Add to this a long and unresolved dispute about the way China controls its currency and a thriving business inside China in counterfeit goods: everything from U.S. music and motion pictures to Rolex watches, books and, well, you name it.

China tried to market a new Chinese made automobile to the upscale European buyer but the vehicle disintegrated in a 40 MPH crash test. Now Europeans wouldn’t be, well, caught dead in the thing.

So from May until July 2007, despite the Chinese News Spin Machine going full tilt the bad news about China seemed to be spinning out of control.

Just today, July 7, 2007, the Central Committee of the Communist Party seemed to be threatening local leaders who allow social unrest.  “Officials who perform poorly in maintaining social stability in rural areas will not be qualified for promotion,” Ouyang Song, a senior party official in charge of personnel matters said, according to China’s Official Communist News media.

All these problems don’t even trump China’s most horrible foreign policy disaster: Suport for Sudan without taking action on Darfur.  The U.N. and others have referred to Sudan’s conduct in Darfur as genocide.  And Hollywood big shots are already calling next summer’s Olympics in Beijing the “genocide games.” 

Not to worry, though. China’s communist leadership still plans a masterful and error free Beijing Olympics 2008.

The communist government of China is taking action to streamline what the western media sees next summer. Smokey, coal-fired factories are even being moved out of Beijing and into the countryside because their effluent looks so disgusting there was fear these factories alone could cause a major embarrassment.

Beijing’s population had a practice “No Spiting Day” in an effort to reduce this disgusting habit common in the city. The test was a disastrous failure and a new training approach is planned. Beijing also had a day devoted to polite lining up for buses and trains. This worked out a little better with the obedient and terrified city workers not taking any chances.

During the Olympics, communist leaders in Beijing plan to remove from the city the hordes of vagrants, homeless people and orphaned children who live on Beijing’s streets. Some estimate that as many as 2 million orphaned or homeless children live in Beijing alone.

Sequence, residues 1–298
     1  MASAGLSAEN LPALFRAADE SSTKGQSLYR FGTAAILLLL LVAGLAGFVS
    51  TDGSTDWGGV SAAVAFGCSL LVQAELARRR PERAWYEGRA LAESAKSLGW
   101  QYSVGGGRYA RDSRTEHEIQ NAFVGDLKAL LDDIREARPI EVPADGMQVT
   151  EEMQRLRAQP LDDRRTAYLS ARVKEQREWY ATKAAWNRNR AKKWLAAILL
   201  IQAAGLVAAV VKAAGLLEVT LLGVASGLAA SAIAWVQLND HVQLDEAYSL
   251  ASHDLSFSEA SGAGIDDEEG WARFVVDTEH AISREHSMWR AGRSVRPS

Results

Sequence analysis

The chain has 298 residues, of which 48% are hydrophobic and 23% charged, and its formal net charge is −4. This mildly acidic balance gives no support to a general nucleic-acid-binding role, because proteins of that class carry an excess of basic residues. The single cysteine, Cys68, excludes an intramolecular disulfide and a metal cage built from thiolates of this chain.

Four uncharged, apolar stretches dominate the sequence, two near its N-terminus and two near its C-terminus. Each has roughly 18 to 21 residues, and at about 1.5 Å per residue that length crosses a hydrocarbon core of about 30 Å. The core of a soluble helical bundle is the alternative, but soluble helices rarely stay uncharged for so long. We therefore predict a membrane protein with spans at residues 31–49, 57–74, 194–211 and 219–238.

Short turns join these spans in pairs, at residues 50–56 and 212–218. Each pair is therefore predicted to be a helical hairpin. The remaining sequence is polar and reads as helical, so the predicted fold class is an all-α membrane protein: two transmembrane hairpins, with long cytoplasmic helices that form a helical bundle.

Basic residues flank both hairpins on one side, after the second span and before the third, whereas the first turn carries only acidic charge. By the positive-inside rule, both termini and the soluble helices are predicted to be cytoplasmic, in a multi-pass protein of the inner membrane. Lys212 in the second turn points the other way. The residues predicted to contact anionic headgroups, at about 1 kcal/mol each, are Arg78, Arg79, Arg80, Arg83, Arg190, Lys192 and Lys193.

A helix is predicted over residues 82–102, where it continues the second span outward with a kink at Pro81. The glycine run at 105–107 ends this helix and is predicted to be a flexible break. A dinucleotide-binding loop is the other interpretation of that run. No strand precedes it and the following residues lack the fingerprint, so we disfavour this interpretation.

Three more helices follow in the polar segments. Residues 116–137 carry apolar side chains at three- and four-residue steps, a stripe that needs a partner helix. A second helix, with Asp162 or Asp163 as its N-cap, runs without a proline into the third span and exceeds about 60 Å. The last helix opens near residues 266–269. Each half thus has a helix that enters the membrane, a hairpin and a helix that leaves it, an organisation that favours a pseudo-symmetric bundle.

In order to assess what can be done about Beijing’s choked streets overwhelmed by traffic; and to see if a dent can be made in the choking air pollution, one million Beijing automobile drivers will have to stay at home or use mass transit on a day scheduled to test the impact of all of this. Beijing only has 3 million registered automobiles so inconveniencing one-third of them for one day should hardly impact the economy, right? But if the test is a success, one would have to remind China that the Olympics is not a one day event.

When all this is assessed together, one might ask, when we get to Beijing next summer for the Olympic Games, how much of what we see will be real? And how much is a product of the smoke and mirrors China often employs to produce the desired result.


Pollution Dangers Cast Shadow over 2008 Olympics

Chinese Government Staff: “Happy News President Hu Jintao; We Ready For Happy Time Olympics!”

Some National Cultures More Tolerant of Death?

Tricky Vietnamese Truth About Catfish
The Chinese are just as smart as the Vietnamese on how to work the American system….

China says food safety scares threaten stability

China’s “Drug Abuse” Problem: Below Standard Pharmaceuticals Have Been Deadly

China may need a fresh approach to regulating its often unruly economy

China tells local authorities to address social instability


From John Carey: A friend sent us this:


I was in a Beijing hotel last year… A very upscale American style one near the Olympic area.Inside the hotel, it seemed identical to any nice hotel you’d see in New York, Dallas or LA… except for the big sign next to the faucet in the bathroom.

From John Carey: I had the same experience in Moscow.  Superior 4-star hotel  Water out of the tap was brown.